HMC Physics Colloquium

Tuesdays at 16:30 in Shanahan Center for Teaching and Learning, Room B460

A. J. Shaka (’80)

University of California at Irvine

Deep Green: Long-Term Zero-Carbon Power for the 21st Century

Oct. 25, 2011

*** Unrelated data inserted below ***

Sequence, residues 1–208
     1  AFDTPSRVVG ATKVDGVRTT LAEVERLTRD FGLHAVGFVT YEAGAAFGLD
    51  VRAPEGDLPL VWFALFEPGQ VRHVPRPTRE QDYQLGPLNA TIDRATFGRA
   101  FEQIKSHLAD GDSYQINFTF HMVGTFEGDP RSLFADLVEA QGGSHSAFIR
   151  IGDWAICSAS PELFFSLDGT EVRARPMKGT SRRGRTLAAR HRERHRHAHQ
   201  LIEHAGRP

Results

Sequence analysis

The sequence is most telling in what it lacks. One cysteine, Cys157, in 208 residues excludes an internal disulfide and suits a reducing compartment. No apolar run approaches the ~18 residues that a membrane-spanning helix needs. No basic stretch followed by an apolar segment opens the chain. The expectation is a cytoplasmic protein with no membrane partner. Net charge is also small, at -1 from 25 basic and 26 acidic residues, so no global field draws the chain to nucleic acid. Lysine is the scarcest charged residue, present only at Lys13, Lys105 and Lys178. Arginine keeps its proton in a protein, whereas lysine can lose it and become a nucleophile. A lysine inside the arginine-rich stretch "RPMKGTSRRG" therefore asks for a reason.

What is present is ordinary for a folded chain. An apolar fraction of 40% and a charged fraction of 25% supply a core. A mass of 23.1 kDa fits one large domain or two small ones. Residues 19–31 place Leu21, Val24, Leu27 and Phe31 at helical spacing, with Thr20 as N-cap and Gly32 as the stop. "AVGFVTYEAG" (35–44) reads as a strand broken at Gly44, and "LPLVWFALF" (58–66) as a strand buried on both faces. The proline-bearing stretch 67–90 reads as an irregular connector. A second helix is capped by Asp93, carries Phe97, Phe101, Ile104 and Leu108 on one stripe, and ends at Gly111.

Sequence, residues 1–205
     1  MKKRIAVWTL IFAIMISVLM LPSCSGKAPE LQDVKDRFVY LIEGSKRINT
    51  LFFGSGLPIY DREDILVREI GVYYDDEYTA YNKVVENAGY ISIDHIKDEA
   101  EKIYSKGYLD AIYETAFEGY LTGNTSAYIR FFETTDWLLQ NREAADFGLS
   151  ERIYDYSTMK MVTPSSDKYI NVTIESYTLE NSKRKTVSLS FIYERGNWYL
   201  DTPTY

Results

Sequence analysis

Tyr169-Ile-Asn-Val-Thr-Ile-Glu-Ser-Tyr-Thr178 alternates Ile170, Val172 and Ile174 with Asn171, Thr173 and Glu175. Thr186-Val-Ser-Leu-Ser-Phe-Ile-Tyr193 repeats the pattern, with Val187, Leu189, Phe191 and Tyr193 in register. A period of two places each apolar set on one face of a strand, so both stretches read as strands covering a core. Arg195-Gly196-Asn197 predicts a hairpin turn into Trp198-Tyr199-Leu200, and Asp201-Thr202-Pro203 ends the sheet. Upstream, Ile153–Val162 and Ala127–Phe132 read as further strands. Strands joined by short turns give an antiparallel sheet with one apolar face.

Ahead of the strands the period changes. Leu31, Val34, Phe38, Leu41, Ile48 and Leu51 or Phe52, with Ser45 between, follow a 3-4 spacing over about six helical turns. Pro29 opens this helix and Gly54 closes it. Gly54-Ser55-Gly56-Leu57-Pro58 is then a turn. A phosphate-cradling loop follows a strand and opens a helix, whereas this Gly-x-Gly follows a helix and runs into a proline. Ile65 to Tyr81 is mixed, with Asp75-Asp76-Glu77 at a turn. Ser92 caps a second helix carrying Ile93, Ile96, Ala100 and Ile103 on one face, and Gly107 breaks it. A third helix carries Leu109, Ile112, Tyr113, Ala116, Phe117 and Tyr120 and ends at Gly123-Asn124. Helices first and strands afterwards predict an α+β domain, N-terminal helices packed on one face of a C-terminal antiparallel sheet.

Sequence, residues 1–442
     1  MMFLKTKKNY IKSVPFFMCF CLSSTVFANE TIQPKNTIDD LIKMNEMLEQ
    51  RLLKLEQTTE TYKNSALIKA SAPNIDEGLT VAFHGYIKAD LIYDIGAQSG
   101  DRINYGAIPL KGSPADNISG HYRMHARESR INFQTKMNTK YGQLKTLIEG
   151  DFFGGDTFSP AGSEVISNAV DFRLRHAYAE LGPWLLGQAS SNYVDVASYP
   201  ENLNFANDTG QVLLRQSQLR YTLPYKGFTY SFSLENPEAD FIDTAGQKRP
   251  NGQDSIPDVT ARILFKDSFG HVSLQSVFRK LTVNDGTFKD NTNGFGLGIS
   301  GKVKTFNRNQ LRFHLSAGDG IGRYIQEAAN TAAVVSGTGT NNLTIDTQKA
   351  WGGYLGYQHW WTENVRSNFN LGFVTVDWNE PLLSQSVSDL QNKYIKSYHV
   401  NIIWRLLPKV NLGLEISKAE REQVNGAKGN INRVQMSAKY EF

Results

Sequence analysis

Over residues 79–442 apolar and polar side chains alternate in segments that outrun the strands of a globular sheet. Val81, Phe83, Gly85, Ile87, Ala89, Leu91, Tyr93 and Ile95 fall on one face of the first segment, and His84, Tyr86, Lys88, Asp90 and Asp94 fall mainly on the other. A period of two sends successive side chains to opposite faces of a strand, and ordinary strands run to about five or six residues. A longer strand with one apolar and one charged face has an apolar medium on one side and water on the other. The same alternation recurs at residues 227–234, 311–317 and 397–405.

It is becoming more and more obvious that continued burning of fossil fuels, with the large influx of carbon dioxide into the atmosphere, could prove to be an enormous and expensive future problem. Furthermore, even if such changes could be weathered, the fossil fuels themselves will be exhausted, become expensive, and require more and more destructive methods to extract. For both these reasons, various “Green” solutions have been proposed: solar and wind energy, biofuels, biomass, geothermal, tides and waves, and so on. Looking at these, they turn out to be “Green Lite” as they are either too small in scale, too expensive, too unreliable, or too intrusive in other ways. We need "Deep Green," that is, power generation that spares the climate and keeps the wheels spinning. Electricity is different. We have to keep the lights on. I’ll show you how through the use of liquid fluoride thorium reactors.